It would be nice, given these facts, to think that an outside party – such as ourselves – could convince the parties to the dispute to see reason and agree to a plausible political settlement – particularly since we all know what such a settlement would have to look like (a Palestinian state including the Arab parts of east Jerusalem and a presence in the Old City, and a grant of Israeli territory near Gaza plus monetary compensation in exchange for those settlement blocs that would be annexed to Israel). It would be nice, but I don’t think it is correct. Trust between the two sides is at an absolute zero. The Palestinian side is in no position to enforce any agreement it might agree to, having no functional institutions of any kind, and the only plausible route to the development of such institutions is in the context of violent struggle against Israel and against rival Palestinian factions (which, indeed, is how Hamas came to power in Gaza). Besides, America has absolutely no credibility with the Palestinians at this point, and the purchase price for such credibility would be exhorbitant in terms of our credibility with other allies (and not just Israel). Israel, meanwhile, is fully aware of the incapacities of the Palestinian leadership; even those who expect nothing of this war – and that’s a broad swathe of the Israeli political spectrum – expect even less from dialogue. (Note that even Meretz supported the war in its first few days.) And while America could certainly punish Israel in various ways, I don’t see how we would plausibly convince Israel to do something she feels is genuinely threatening to her national interest, nor how we would overcome the substantial domestic obstacles in Israel to achieving peace, given that these obstacles arise in large part from the structure of their political system.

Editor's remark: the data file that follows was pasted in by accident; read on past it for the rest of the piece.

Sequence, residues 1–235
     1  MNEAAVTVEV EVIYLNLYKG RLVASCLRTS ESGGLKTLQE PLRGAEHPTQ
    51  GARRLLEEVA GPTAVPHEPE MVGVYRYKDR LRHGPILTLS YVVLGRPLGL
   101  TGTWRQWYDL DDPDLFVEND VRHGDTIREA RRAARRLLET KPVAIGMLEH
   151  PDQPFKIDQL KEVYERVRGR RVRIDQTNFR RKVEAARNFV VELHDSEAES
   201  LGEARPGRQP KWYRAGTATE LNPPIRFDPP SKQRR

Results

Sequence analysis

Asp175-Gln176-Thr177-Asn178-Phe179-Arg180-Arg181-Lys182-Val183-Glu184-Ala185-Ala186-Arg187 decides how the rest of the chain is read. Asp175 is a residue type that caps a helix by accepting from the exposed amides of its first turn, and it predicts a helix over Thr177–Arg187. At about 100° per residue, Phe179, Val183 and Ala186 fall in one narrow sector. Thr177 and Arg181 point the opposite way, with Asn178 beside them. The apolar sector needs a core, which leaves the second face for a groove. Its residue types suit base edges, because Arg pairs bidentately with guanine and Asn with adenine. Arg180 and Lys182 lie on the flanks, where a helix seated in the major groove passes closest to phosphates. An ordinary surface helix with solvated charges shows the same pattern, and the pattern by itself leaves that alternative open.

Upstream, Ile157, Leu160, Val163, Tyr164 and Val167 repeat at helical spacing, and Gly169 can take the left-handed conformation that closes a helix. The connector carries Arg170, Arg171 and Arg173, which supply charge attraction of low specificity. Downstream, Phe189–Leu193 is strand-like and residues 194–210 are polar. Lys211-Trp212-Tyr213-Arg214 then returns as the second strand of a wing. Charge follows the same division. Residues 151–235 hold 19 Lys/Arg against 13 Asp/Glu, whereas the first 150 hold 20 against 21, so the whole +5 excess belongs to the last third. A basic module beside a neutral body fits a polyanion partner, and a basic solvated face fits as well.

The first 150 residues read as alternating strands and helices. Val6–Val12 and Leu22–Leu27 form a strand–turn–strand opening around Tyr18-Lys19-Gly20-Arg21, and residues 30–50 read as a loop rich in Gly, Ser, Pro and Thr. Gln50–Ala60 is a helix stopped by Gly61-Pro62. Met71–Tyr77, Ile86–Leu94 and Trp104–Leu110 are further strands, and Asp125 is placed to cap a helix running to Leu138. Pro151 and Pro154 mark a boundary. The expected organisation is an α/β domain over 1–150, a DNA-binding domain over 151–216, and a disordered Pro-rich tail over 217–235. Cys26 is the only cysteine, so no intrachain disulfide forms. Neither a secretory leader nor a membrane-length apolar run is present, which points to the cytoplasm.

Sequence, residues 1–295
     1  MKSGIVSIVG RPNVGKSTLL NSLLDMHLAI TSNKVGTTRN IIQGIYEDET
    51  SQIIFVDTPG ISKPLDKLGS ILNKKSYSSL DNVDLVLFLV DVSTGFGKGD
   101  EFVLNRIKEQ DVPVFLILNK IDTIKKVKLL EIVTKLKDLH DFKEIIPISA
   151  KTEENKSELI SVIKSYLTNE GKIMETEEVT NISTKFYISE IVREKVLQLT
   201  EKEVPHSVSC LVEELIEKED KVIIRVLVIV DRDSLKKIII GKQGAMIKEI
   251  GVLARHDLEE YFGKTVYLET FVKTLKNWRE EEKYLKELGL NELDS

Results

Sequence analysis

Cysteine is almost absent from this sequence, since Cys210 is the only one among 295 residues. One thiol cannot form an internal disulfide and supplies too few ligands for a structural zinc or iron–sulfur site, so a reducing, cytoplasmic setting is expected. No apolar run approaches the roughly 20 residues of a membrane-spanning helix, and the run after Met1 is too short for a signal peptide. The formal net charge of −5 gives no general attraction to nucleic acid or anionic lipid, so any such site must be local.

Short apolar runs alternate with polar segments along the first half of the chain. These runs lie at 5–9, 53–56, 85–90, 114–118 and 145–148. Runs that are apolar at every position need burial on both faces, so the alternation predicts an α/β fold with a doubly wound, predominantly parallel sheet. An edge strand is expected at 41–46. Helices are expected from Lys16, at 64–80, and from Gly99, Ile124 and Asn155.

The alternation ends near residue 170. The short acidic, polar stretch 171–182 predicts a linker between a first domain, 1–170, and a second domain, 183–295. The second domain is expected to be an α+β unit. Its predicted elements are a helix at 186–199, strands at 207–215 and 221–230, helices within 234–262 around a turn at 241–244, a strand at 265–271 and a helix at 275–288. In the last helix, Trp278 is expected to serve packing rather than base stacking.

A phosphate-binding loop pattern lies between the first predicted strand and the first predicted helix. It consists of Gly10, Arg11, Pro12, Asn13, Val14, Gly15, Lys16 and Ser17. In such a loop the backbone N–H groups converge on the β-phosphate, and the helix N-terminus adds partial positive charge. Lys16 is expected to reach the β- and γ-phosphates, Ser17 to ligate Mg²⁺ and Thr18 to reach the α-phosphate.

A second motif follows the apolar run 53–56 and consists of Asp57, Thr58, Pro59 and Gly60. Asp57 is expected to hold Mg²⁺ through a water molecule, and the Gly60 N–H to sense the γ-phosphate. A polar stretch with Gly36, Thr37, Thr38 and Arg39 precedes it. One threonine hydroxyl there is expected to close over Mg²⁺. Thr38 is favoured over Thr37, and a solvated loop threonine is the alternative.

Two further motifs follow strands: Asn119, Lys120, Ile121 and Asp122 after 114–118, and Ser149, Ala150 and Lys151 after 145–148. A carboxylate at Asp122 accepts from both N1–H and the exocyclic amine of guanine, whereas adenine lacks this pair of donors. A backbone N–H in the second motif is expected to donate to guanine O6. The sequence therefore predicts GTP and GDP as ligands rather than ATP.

Indeed, the last time America was truly in a position to try to wrestle the various parties into a final peace settlement was in Bush Sr.‘s term, at the Madrid talks, and that was a unique moment in history: right after America’s victory in the Gulf War, right after the collapse of the Soviet Union, before the rise of resistence to American unipolarity, to say nothing of al Qaeda, a period of unprecedented American diplomatic clout. Even Giant Obama is unlikely to restore us to such a position in the near term.
Happy New Year everyone.